I can't find Mase in the 1860 census, and then in 1870 he's living with his wife (age 20) in Philadelphia but with no other information. But in an 1873 publication, Mr. and Mrs. S. Mason Graffen are among the list of contributord to the endowment fund of St. Andrews Church, an Episcopalian church in Philadelphia. So all in all, the family doesn't seem the stereotypical poor Irish Catholic immigrants.

Mason, Matila and all three children were in Sedalia, Missouri for the 1880 census, with Graffen an accountant for a railroad company, and the fact that he's buried in Keokuk suggests they were probably living there when he died in 1883.

What he would have been doing in New Mexico I don't know, but I happened across an obituary of him in a Cleveland paper that mentioned he had gone to work for a railroad after leaving the Browns, and I believe it referred to his working various places in the west but I didn't copy the specifics. So I can't rule out that he returned to Philadelphia for a while before going west again.

I'd like to rule it out, though, because that would let us rule out the humdrum family man explanation for his resignation and go back to more interesting theories.

David Ball said...

Sorry, I wrote my post while Jeff was putting his up and so included some repeated information. I wanted to add that my note from the Cleveland Herald obit is dated November 18, and if that's not a mistake on my part (which isn't impossible), then his death must have been at least a day or two earlier. At any rate, he seems to have died far from home, presumably leaving a young widow and three still pretty small children.

Also, the matter of Graffen's use of the gymnasium to trade his players is of some interest because Dan Devinney, the Louisville manager who accused Graffen's successor McManus of trying to bribe him in 1877, had worked in 1875 as the manager of the Mission Gymnasium in St. Louis, training the players. When he was accused of dishonesty, Devinney procured a letter from the Mission Gym (according to the Louisville Courier-Journal) attesting that he had not been fired for dishonesty, and the only complaint against him had been neglect of his duties to give excessive interest to baseball -- specifically, he had been fired for skipping work to go to a game.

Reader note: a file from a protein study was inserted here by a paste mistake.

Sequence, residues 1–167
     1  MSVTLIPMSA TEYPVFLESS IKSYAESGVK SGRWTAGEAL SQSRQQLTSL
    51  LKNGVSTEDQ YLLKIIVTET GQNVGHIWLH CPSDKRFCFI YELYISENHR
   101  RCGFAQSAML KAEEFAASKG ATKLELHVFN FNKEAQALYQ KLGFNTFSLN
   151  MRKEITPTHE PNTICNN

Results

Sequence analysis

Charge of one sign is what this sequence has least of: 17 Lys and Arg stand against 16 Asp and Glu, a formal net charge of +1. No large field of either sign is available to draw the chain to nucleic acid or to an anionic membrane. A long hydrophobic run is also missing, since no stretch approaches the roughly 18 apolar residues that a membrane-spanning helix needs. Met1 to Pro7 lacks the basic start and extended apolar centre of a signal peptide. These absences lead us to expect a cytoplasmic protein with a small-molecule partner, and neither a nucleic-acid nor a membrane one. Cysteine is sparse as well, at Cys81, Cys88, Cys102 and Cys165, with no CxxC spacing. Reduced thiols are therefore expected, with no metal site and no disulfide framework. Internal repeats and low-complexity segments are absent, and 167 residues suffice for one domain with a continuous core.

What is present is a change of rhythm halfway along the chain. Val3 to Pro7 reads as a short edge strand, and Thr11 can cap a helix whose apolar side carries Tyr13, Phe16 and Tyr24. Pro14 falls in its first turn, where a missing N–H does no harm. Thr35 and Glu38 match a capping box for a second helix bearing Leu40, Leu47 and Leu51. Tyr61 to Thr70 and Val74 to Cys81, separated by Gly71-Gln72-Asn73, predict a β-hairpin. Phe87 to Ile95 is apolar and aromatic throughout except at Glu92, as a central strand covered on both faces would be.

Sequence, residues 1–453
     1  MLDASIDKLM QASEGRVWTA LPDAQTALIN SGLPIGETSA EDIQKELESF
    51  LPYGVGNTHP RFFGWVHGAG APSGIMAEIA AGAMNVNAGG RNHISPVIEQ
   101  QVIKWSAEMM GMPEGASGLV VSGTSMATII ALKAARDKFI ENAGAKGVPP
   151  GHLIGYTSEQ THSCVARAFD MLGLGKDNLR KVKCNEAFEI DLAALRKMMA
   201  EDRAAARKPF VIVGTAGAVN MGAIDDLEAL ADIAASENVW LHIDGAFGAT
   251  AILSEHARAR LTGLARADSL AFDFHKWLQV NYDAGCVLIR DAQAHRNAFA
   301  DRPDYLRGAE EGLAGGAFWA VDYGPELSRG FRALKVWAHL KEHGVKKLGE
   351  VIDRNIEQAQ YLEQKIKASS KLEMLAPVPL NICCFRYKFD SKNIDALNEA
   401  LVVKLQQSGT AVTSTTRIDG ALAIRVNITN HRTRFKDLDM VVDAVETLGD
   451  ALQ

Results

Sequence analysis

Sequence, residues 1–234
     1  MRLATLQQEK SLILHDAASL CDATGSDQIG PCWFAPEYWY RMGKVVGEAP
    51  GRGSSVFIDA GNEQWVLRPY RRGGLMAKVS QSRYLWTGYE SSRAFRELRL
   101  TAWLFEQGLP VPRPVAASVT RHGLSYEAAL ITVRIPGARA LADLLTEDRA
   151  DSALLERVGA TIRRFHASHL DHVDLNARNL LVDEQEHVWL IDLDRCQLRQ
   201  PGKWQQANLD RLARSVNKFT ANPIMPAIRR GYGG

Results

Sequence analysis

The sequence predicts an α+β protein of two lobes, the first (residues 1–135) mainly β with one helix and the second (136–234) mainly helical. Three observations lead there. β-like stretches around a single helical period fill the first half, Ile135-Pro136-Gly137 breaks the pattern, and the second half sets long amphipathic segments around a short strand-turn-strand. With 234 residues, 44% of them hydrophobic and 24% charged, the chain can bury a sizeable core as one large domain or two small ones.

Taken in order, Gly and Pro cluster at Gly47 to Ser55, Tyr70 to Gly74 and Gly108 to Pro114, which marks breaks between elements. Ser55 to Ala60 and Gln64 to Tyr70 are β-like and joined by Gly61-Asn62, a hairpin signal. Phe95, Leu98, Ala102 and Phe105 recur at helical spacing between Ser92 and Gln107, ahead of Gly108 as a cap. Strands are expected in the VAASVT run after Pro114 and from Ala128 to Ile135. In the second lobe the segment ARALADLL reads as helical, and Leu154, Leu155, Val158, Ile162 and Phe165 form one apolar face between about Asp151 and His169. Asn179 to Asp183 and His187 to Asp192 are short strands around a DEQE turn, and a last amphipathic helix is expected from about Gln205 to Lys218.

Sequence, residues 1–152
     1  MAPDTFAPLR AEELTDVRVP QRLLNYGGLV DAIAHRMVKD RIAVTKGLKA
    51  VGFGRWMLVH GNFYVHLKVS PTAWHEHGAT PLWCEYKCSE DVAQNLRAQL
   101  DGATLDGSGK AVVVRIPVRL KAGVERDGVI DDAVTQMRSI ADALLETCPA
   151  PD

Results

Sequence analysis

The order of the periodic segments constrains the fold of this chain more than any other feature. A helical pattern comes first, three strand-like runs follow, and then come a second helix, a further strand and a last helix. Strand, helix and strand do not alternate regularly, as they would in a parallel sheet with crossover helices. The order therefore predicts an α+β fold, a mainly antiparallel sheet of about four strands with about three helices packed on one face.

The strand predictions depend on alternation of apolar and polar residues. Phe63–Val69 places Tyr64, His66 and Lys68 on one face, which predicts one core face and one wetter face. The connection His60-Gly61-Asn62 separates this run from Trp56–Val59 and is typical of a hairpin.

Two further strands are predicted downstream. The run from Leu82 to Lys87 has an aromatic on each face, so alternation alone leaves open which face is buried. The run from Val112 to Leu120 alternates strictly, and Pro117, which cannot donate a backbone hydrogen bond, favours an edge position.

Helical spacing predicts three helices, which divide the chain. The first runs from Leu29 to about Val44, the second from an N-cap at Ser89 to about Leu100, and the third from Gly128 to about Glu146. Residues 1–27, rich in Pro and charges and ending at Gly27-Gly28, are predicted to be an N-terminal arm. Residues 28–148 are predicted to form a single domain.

Jeffrey Kittel said...

Thanks, David. I don't have much information about Graffen prior to his coming to StL so your stuff was helpful.

Graffen had to have been living in Keokuk in 1878. There's a report in the Globe that he had been elected as an officer in the Keokuk Rowing Club in July of that year.

I don't necessarily think that because he came West again with his family we have to rule out the humdrum family man explanation for his resignation in 1876. He may have moved his family out here in 1875 when he started working with the Brown Stockings but the wife and kids went back East with the immenent arrival of the new baby. Don't want the kid born out in the Wild West and it may have been better for Matilda to be with the extended family when Mase was travelling around with the club.

So regardless of where he ended up in 1876 (Philadelphia, back in StL, Keokuk), it's still plausable that the resignation was for family reasons. I view the family stuff as the straw that broke the camels back and don't dismiss all the other, more interesting stuff as being unimportant. The man probably just had enough of the nonsense in StL and had a new baby, a young wife and family, said to h*ll with it and went home.

But the more one learns about the guy, the more interesting he seems. I wish we had more information.